Restaurants: IRS Ruling Regarding Tip Reporting

If you run a business where tips are issued for services rendered, there are some new rules to contend in the coming year. Due to a recent ruling regarding tip reporting, the Internal Revenue Service (IRS) is proposing changes to the way tips are reported, and more specifically, the taxes imposed on tips. Service industries, such as restaurants and others with tips received regularly, should be aware of the new reporting system and make appropriate adjustments.

New Tip Reporting Guidelines

The IRS has made some changes to the way you report tips and wages on your taxes, and the changes will go into effect during the 2013 tax season. The following shows the newest guidelines as issued by the IRS and outlined on its Internal Revenue Bulletin: 2012-26, and the four conditions that must be present in order for a customer payment to be classified as a tip:

  • Tips must be made free of compulsion
  • The customer must have the right to determine the amount
  • The amounts must not be subject to negotiation or employer policy
  • The customer has the right to decide who receives the payment


So what does this mean for your restaurant? Bottom line: It means you’ll have to start paying more attention to the difference between what is considered a tip and what is actually a taxable wage. The new changes focus on the distinction between what constitutes a “tip” versus a “service charge”.

Tips and Taxable Wages

Prior to the new ruling, restaurants and other service industries reported all tips on their tax forms, including those that may not be considered a taxable wage according to FICA.

However with the new IRS ruling, there will be a distinction between the two. If you have a restaurant that automatically adds a set predetermined percentage charge for customer bills or delivery fees — often listed as 18 percent gratuity — on the tip line on the receipt, and in turn the amount goes to restaurant employees, it is a considered a service charge according to the IRS. A mandatory service charges or mandatory gratuity under the new IRS ruling will be reported as taxable wages for FICA tax purposes.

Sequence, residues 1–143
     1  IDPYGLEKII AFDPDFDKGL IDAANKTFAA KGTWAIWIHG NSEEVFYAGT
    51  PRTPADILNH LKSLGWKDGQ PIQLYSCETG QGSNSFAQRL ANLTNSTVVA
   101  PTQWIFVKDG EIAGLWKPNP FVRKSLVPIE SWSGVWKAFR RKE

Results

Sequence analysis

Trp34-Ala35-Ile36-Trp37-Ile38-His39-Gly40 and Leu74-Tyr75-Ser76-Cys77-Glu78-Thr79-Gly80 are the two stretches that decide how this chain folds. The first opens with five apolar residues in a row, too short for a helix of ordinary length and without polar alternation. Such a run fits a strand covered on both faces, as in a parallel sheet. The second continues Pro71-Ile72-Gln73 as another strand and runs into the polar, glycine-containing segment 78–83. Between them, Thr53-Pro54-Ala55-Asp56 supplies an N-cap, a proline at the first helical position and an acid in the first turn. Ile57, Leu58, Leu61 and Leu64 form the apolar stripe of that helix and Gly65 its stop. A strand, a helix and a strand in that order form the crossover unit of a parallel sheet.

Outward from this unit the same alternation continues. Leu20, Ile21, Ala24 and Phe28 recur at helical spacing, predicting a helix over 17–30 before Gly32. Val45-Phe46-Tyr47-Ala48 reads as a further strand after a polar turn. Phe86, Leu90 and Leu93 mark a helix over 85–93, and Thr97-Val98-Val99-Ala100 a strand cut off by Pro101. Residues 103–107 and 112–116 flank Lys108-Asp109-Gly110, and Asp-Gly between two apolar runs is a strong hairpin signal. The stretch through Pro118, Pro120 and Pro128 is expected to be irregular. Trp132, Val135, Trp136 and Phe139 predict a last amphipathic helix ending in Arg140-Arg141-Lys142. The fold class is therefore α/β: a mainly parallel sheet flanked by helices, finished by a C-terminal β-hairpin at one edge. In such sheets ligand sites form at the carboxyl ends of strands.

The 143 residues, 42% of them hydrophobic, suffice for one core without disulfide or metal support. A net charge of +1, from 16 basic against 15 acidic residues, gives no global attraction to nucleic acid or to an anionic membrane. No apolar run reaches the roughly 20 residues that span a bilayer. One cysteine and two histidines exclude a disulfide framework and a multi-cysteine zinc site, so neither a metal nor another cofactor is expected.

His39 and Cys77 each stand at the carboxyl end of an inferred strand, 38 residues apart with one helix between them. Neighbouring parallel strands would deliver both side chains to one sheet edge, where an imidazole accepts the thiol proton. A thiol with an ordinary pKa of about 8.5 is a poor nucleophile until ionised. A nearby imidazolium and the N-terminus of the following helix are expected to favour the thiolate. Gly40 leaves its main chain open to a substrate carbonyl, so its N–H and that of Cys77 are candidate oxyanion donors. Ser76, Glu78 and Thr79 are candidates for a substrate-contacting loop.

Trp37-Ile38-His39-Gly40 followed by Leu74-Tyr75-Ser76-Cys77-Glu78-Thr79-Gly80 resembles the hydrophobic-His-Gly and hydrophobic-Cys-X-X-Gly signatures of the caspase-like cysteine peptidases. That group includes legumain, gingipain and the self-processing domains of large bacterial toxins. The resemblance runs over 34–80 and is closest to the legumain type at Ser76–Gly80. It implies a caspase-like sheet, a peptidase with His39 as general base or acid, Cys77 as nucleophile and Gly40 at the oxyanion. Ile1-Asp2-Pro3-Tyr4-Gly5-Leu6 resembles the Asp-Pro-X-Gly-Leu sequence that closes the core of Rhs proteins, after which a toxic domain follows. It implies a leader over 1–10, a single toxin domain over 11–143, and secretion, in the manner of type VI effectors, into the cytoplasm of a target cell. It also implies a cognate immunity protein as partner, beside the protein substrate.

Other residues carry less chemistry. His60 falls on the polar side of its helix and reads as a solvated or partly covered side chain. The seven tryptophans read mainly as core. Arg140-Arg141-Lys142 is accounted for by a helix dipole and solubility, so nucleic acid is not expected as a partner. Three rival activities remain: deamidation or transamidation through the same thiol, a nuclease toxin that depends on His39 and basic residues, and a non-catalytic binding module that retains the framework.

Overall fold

On the other hand, making a note of a recommended tip with sample tip amounts but the area is left blank, that is still considered a tip and  not a taxable wage. This is because rather than being charged upfront, you are merely suggesting an amount and leaving it up to the customer to voluntarily choose what amount they will leave.

In situations where you aren’t sure if an amount should be reported as a taxable wage (service charge) or a tip, it should be considered a service charge for the most accurate tax filing, says the IRS. It’s also important to note than if an employee fails to report a tip to their superior, the company is not liable for this amount and does not have to file the amount as a taxable wage on their tax form.

For more information, consult the official IRS announcement and read through the IRS Q&A guidelines. You should also check with your tax attorney regarding the details and implications of the new tip reporting rules.